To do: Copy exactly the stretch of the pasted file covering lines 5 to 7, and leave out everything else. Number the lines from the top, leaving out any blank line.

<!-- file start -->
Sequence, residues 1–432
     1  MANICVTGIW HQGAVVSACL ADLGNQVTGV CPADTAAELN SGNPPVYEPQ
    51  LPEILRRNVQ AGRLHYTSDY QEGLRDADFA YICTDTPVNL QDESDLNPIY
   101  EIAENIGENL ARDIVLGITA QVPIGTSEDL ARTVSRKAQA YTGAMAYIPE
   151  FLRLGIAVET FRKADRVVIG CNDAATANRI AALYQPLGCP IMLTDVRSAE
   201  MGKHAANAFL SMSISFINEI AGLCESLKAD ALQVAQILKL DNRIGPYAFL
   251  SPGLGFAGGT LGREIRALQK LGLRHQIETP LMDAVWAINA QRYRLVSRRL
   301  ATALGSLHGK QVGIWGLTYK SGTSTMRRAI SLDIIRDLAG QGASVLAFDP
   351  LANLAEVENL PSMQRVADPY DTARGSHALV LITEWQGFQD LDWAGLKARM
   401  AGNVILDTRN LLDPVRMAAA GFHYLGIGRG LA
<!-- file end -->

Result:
   151  FLRLGIAVET FRKADRVVIG CNDAATANRI AALYQPLGCP IMLTDVRSAE
   201  MGKHAANAFL SMSISFINEI AGLCESLKAD ALQVAQILKL DNRIGPYAFL
   251  SPGLGFAGGT LGREIRALQK LGLRHQIETP LMDAVWAINA QRYRLVSRRL